Xavier Robles de Medina translates reality into magic with influences from gothic and carefully chosen ‘material’.
Miguel E. Keerveld on the work of the Surinames artist Xavier Robles de Medina.
Xavier Robles de Medina
Contributing to Magic in Visual Conversation
According to Emmanuel Levinas, “true life is absent”. But despite this, we are still in the world (Keij, 2021). In conversation with artist Xavier Robles de Medina during the second edition of the Atlantic World Art Fair 2022 (AWAF-22), I am confronted with time as consciousness. Knowing that transaction of knowledge had been taking place in the sensational space of this ‘consciousness time’, I acknowledge our encounter as magical. But what is magic exactly?
I see magic as a practice of philosophy in Levinas’ sense. Thus ‘the wisdom of love at the service of love (Beals, 2007). Maybe also an appearance of true life? During the panel Magic in Visual Conversation (hosted by Readytex Art Gallery at AWAF-22), I was dragged into deeper complexities of the relation between Xavier’s practice and his thinking. In my understanding, this object-subject entanglement is what I call ‘an awakening of magic’.
Video and text for “magic in visual conversation”:
https://www.youtube.com/watch?v=RCbyvucr1-0&feature=emb_logo | https://xavierroblesdemedina.com/preface/
Magic feels uncategorized. In pursuit of contributing to un-categorization, Xavier finds frictions relevant. Therefore, his art works are spaces to connect things that are not related. In this sense, he creates abstract correlations to which I refer to as ‘the subjective’ and quote the Portuguese poet Fernando Pessoa: “The subjective is the brush with which the objective is painted” (Keij, 2021). Xavier translates reality into magic with influences from gothic and carefully chosen ‘material’. In this composition, he combines his subject matters into a language that triggers sensational confusion. His artistic intention is “to confront contemporary culture”.
Untitled (dress to protest) | acrylic on wood/Wayana facial painting. French Guyana. 1953. | acrylic on wood/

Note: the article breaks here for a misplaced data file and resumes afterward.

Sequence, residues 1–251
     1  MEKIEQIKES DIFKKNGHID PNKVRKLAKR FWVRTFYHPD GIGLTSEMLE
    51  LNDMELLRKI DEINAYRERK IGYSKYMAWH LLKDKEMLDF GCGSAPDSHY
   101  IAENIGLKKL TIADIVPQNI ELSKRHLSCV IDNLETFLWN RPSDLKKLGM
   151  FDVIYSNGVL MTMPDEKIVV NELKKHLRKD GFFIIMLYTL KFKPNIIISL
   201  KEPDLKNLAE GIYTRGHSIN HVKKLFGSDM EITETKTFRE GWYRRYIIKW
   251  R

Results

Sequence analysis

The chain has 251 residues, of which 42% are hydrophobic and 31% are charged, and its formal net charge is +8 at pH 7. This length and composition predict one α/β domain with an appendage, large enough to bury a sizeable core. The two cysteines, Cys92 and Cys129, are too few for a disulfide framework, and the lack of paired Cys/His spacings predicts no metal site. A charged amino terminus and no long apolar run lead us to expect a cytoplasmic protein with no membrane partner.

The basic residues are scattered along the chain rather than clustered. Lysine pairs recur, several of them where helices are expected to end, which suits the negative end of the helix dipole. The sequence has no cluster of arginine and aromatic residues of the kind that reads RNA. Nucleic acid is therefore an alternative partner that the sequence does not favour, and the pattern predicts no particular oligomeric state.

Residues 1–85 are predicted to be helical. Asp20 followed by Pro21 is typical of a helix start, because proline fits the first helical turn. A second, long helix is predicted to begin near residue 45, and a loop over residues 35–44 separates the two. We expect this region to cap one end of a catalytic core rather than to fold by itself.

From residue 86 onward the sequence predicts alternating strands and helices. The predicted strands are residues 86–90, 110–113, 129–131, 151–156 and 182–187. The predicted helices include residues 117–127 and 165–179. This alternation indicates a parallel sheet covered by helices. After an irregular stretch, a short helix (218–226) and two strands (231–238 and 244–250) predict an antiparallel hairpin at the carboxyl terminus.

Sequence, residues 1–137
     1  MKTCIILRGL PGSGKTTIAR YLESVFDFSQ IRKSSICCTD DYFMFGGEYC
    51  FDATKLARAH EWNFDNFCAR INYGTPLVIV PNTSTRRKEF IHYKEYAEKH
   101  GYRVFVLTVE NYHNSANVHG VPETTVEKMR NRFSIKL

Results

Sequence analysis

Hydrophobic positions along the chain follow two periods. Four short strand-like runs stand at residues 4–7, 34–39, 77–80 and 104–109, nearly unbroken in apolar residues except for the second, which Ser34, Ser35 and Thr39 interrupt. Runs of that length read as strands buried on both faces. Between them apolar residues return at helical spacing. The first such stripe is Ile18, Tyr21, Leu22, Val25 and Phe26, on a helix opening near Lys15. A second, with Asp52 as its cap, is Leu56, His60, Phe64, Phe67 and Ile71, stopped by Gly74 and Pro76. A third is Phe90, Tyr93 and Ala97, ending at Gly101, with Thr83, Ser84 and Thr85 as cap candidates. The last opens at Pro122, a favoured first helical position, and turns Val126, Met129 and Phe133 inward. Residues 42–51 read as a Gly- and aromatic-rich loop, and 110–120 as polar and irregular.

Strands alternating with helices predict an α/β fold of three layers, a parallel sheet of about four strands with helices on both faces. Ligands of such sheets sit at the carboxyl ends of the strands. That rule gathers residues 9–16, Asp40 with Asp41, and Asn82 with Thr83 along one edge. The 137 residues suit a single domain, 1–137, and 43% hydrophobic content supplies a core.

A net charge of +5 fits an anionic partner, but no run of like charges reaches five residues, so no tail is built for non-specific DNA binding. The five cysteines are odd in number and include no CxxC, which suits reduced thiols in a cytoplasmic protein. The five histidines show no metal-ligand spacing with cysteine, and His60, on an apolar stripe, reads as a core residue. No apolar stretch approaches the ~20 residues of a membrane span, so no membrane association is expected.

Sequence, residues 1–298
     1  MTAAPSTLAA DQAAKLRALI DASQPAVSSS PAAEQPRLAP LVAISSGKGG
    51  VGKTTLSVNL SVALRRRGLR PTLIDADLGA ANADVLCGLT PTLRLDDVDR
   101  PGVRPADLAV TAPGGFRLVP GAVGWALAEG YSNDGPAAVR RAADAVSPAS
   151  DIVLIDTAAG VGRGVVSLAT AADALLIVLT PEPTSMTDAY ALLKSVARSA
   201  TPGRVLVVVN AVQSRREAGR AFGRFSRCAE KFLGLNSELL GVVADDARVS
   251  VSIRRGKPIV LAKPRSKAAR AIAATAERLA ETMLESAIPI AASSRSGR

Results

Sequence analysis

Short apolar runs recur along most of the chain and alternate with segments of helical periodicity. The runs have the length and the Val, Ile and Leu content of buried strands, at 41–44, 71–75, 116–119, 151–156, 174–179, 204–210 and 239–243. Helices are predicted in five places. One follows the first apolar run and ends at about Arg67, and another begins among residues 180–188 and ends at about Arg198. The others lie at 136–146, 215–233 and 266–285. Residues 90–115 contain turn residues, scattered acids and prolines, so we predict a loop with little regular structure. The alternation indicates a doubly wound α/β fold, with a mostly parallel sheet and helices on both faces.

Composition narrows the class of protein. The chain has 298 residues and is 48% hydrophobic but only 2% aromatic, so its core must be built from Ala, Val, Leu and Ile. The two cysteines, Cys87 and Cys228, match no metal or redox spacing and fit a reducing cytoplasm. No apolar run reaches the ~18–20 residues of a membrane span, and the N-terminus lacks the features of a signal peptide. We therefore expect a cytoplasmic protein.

The original position of the skeletons from the double burial from Grotte des Enfants. Upper Paleolithic, Italy. c. 24000–20000 BC | acrylic on wood
I am carefully listening to Xavier’s story. In sharing the process that brought him to what he explores through his work, I sense interesting patterns and traces. I am recognizing something familiar. Could this intimacy be our shared Caribbean essence, or is it the vulnerability of time? Between 2014 and 2017 de Medina’s question and disappointment of not getting a USA visa after his study over there lead him into isolation, until he finds himself emerging from Berlin, Germany. Recently he participated in the 14th edition of Dakar Biennale (Dak’Art 2022) for contemporary African art in Senegal and Art Basel in Hong Kong.
Gorillas in the Mountains of Southern Nigeria: World’s rarest great ape pictured with babies, BBC News, 9 July 2020 | acrylic on wood
Xavier Robles de Medina enjoys misinterpretations. In general, how an other perceivs his work does not matter much. At the end all comes down to what makes sense to the spectator’s imagination. Except for creating relations that may seem as not exsisting, Xavier is especially fascinated to question the superficiality of images in contemporary culture that opperates through the lense of capitalism. He constructs portals to perform his magic that appers as invisible spaces or wrapped realities; imagination through which his specatators paint images that make their imaginative appear. A visibility as cognition or the linguistic expression of a conceptual understanding in Levinas’ term (Beals, 2007).